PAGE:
Gear Reviews

The 5 Best Winter Sleeping Bags

Ward off the cold with these superwarm products.

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Unfortunately, there’s no getting around it: I’m a cold sleeper. While during the day I might sweat and overheat like it’s my job, nights are a different story. This problem only increases in severity during the winter, but the five bags below go a long way toward making my snowbound nights manageable. All of these picks are already available from their manufacturers, proven over multiple winters, and are the best bets for keeping you comfy in the fourth season.

Eli’s pick: Big Agnes Orno UL 0°F

Big Agnes Orno

Winter bags are often behemoths, but the Orno UL provides a ton of warmth without taking up a ton of room in your pack. Thanks to 850-fill down, a relatively narrow lower half—it’s 36 inches around at the foot—a half zip instead of a full, and a snug, scuba-style hood, it packs down to the size of a large loaf of bread. But the Orno doesn’t feel like a coffin, and its 60-inch shoulder circumference is average for the category. This bag got me through a high-altitude trek in Nepal, and I never wished I had anything warmer or more packable. Bonus: Three size options means there’s an Orno for every sleeper. Buy the Big Agnes Orno UL 0°F now for $560

2 lbs. 7 oz. (regular); small, regular, long

Best value: Sierra Designs Nitro 800 0°F

Sierra Designs Nitro

If price is your main barrier to purchasing a four-season bag, look no further. The Nitro is well below the price of competitors, but still offers premium features; this is the back I’d recommend for folks who don’t do a ton of winter adventuring, but want to stay warm whtn it counts. The Nitro’s 800-fill down means it compresses small enough for multiday missions, and above-average dimensions (62 inches around at the shoulder, 56 inches around at the hip) offer room to wiggle when you’re tentbound. Plus, a 40-inch zipper curves in toward the head, making the Nitro easy to close once your inside. Buy the Sierra Designs Nitro 800 0°F now for $420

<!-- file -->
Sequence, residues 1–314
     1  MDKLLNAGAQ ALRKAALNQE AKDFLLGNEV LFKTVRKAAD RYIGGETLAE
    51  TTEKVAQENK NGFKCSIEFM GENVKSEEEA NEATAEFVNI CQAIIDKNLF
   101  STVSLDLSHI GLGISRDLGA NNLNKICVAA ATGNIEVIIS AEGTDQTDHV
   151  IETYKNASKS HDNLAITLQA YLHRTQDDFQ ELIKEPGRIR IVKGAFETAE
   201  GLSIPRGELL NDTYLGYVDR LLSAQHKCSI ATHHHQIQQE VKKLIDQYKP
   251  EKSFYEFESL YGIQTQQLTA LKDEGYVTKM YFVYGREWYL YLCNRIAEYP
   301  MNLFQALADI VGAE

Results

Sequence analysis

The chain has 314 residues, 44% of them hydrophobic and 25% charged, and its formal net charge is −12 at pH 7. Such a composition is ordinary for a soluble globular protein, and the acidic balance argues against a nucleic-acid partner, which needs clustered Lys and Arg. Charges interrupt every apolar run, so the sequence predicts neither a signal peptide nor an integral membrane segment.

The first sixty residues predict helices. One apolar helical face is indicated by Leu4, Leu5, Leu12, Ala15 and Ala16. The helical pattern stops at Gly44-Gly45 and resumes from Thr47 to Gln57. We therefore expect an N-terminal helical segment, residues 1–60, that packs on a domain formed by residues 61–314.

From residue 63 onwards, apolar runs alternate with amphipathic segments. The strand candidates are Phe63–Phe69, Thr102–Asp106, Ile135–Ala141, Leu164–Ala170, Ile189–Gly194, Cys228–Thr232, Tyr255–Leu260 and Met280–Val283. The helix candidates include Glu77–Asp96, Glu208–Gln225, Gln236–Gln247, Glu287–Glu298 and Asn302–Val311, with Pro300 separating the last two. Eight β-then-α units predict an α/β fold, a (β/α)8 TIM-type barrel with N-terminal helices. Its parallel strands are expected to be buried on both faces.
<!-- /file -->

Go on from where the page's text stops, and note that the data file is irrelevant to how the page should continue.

2 lbs. 8 oz. (regular); regular, long

Warmest: Therm-A-Rest Polar Ranger -20°F

Therm-A-Rest Polar Ranger

The Polar Ranger is the most livable winter bag I’ve ever slept in, due to two uncommon features. A chimney-style hood creates a warm zone over your face but offers plenty of breathing room, a much better option than the near-suffocation we all feel when cinching down normal hoods. Additionally, zippered vents at the shoulders allow you to put your arms through and use them normally without leaving the bag, rendering tasks like reading or drinking all the more doable in frigid conditions. (As someone who brings long novels on every trip I go on, this last feature is my favorite.) Buy the Therm-A-Rest Polar Ranger -20°F now for $690

3 lbs. 4 oz. (regular); regular, long

Best weather resistance: Feathered Friends Snowbunting EX 0

Feathered Friends Snowbunting

For cold, wet climates, you’ll need a bag that can hold off the elements. The Snowbunting EX has a Pertex Shield face fabric that’s extremely water-resistant, and is adept at blocking out condensation (or even 5 inches of snow, as I found out after I left a tent vent open during a storm in Banff National Park). The bag has a classic mummy fit and a large zipper draft tube, and its wide hood easily accommodates a pillow and multiple sleeping layers. Buy the Feathered Friends Snowbunting EX 0 now for $619

2 lbs. 13 oz. (regular); regular, long

Lightest: Western Mountaineering Versalite

Western Mountaineering Versalite

Not everywhere in the U.S. experiences bone-chilling cold in winter, and for (slightly) warmer temps, the 10°F-rated Versalite is an ultrapackable go-to. This bag’s 850-fill down allows it to compress to the size of a football, and its 62-inch shoulder circumference is above average, great for restless sleepers such as myself. An enormous draft collar effectively seals out cold air, and the Versalite is, well, the lightest bag here. Buy the Western Mountaineering Versalite now for $605

2 lbs. (regular); small, regular, large

Want more info? Take your equipment questions directly to Gear Editor Eli Bernstein for a quick consultation that’ll put you on the right track to you what you need. Email him at: gear@backpacker.com